Symphony No. 4 in C minor, op. 57
Symphony No. 4 in C minor, op. 57 (1890)
(b. Cöthen, 30 November 1847 — d. Dessau, 3 August 1902)
I Allegro non troppo (p. 3)
II Andante cantabile (p. 26)
III Presto (p. 35)
IV Andante maestoso (p. 42) – Moderato e molto maestoso (p. 44) – Allegro (p. 57) – Più allegro (p. 58)
Until a few years ago August Klughardt was completely forgotten, apart from his late wind quintet that has long formed part of the core repertoire of wind ensembles. Since then four of his five symphonies, his concertos, and a rich body of chamber music have appeared on CD, and his ingratiatingly melodious, readily accessible, impeccably crafted music, poised between the competing currents of his day, is heard ever more often in concert. Klughardt’s masterly counterpoint, excellent orchestration, and clear sense of form (even in unusual solutions) sound captivating even when the degree of originality is slightly lower and his melodic invention not exactly unique. Symphony No. 4, which appears here in full score for the first time in a century, is probably his most significant orchestral creation, polished in every respect and pos- sessed of a remarkable balance of formal opposites.
Klughardt produced his first compositions at the age of ten for the musical circle at Cöthen’s grammar school. In 1863 his family moved to Dresden, where he learned piano from the court conductor Eduard Thiele (1812-95) and music theory from Ferdinand Diedicke (1836-1903). A year later he gave his public début as a pianist. After completing his school leaving certificate in 1866 he undertook further studies in Dresden, where he increasingly stood out as a composer. From 1867 he was employed as a conductor, first at Posen Town Theater (1867-68), then in the municipal theaters of Neustrelitz and Lübeck. From 1869 to 1873 he conducted at the court theater in Weimar, where he befriended Franz Liszt. He then returned to Neustrelitz, where he was appointed music director in 1880. In 1882 he was offered the position of court conductor in Dessau, a position he held for two decades until his death. In 1892-93 he conducted Dessau’s first produc- tion of Der Ring des Nibelungen; in 1898 he was inducted into the Prussian Academy of Arts; and in 1900 he received an honorary doctorate from Erlangen University. He turned down an offer to head the Berlin Sing-Akademie, allowing Georg Schumann (1866-1952) to guide the fate of this hallowed choral institution for half a century.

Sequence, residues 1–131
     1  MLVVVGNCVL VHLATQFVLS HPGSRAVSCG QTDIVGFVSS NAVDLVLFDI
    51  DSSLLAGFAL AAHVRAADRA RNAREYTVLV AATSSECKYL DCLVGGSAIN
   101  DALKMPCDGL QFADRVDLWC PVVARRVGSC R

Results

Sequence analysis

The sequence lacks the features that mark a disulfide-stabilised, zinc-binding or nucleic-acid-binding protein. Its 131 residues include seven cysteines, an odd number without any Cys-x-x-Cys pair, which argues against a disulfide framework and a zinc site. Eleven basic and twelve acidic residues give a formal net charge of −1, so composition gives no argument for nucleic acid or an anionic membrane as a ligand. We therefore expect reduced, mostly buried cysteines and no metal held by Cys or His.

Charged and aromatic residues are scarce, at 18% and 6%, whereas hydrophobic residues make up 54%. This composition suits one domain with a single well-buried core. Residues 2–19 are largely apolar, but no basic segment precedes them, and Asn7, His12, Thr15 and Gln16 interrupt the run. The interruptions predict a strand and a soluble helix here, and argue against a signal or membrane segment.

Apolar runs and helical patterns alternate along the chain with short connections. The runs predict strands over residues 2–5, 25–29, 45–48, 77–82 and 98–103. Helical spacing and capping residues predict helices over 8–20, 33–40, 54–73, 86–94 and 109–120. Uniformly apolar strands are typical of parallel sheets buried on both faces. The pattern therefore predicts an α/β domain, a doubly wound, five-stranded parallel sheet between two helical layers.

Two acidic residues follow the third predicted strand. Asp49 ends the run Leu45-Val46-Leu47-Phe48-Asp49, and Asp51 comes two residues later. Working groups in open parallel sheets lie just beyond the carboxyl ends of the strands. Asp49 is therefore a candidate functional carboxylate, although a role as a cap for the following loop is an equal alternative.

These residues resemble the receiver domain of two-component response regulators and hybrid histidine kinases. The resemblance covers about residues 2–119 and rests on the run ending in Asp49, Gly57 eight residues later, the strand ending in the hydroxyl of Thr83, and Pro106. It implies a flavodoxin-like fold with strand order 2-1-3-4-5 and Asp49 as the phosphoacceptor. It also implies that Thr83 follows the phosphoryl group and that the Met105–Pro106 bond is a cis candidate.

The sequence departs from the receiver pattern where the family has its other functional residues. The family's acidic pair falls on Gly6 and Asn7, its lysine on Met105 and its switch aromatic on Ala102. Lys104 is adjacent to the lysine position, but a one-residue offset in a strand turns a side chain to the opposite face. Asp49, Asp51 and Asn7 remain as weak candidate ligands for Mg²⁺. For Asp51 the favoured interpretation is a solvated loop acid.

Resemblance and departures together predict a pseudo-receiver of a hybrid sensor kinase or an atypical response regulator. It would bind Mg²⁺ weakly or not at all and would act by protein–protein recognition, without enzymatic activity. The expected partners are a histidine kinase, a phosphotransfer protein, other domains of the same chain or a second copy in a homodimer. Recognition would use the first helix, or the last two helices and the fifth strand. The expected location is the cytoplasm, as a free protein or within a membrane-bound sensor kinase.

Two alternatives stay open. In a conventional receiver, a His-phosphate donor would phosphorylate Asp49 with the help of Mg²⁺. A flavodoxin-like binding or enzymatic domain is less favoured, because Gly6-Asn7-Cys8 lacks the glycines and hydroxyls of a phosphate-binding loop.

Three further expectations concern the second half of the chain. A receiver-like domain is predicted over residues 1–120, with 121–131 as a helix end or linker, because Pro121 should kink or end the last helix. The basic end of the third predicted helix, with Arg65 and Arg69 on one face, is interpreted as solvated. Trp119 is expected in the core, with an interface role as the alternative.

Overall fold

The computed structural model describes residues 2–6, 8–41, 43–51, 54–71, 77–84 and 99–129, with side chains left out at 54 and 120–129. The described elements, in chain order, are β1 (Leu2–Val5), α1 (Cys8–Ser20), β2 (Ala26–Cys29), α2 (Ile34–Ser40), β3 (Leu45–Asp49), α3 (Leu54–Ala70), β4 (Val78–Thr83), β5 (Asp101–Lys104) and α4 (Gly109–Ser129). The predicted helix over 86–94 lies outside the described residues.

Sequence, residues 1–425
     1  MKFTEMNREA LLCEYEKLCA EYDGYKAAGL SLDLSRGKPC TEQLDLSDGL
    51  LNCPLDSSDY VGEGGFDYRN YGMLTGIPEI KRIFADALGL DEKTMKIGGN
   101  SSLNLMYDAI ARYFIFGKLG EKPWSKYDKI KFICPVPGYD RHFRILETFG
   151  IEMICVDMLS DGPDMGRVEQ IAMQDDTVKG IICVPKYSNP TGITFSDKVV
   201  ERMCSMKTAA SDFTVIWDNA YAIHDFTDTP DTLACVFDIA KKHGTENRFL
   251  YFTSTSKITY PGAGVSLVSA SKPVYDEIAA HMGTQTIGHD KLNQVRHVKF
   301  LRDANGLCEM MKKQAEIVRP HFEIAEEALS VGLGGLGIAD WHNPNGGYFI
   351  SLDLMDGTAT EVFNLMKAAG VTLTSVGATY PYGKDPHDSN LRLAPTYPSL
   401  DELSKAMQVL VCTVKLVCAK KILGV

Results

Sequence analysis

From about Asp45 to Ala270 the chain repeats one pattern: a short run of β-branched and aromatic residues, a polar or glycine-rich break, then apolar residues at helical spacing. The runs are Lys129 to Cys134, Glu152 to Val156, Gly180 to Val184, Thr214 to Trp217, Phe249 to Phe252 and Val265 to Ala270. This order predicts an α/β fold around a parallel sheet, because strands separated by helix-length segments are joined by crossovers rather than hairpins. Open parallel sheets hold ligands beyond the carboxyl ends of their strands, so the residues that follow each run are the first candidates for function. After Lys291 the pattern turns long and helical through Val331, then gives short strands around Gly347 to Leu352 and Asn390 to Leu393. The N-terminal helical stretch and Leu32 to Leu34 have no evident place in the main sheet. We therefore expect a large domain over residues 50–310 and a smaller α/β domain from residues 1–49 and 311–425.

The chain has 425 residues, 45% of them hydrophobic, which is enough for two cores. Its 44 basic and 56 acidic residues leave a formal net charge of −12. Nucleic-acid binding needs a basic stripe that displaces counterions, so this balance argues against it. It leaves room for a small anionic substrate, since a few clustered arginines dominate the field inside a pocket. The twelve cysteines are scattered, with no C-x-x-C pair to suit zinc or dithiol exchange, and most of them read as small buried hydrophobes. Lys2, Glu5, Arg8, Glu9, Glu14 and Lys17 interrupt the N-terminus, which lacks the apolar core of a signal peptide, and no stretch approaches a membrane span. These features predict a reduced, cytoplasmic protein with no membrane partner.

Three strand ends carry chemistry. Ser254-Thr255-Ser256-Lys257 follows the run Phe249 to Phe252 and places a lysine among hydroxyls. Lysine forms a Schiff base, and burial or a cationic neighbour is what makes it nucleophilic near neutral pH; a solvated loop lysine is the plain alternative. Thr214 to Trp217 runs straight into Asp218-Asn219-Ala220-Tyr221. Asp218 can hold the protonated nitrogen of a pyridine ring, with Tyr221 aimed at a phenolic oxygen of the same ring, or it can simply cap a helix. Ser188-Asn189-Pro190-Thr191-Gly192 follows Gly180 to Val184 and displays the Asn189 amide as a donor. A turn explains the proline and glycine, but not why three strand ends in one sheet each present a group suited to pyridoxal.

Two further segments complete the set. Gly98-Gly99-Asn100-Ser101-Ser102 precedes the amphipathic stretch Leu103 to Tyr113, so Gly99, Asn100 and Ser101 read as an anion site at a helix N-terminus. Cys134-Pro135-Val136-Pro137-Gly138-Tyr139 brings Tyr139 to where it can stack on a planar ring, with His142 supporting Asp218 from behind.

Although Klughardt was a confirmed adherent of the New German School associated with Liszt and Wagner, his music nevertheless preserved a conservative element in emulation of Mendelssohn and Schumann, albeit in a distinctive assimi- lated fashion. As the present symphony makes abundantly clear, these almost antithetical elements led to highly original solutions which, despite the smoothness of the inflection, were thoroughly “bold” by the standards of the day. This is especially true of the finale, whose vivacious workmanship resists conventional academic explanation.
The first of Klughardt’s symphonies, in F minor, was composed in 1871 and bore the title Waldleben (Forest Life). Later he withdrew it, and its whereabouts are unknown today. It was followed by a programmatic Symphony No. 1 in D minor, op. 27, subtitled “Lenore” (1872); Symphony No. 2 in F minor, op. 34 (1876); Symphony No. 3 in D major, op. 37 (1879); Symphony No. 4 (1890); and Symphony No. 5 in C minor, op. 71, …
Christoph Schlüren, 2015
Read full preface / Komplettes Vorwort lesen > HERE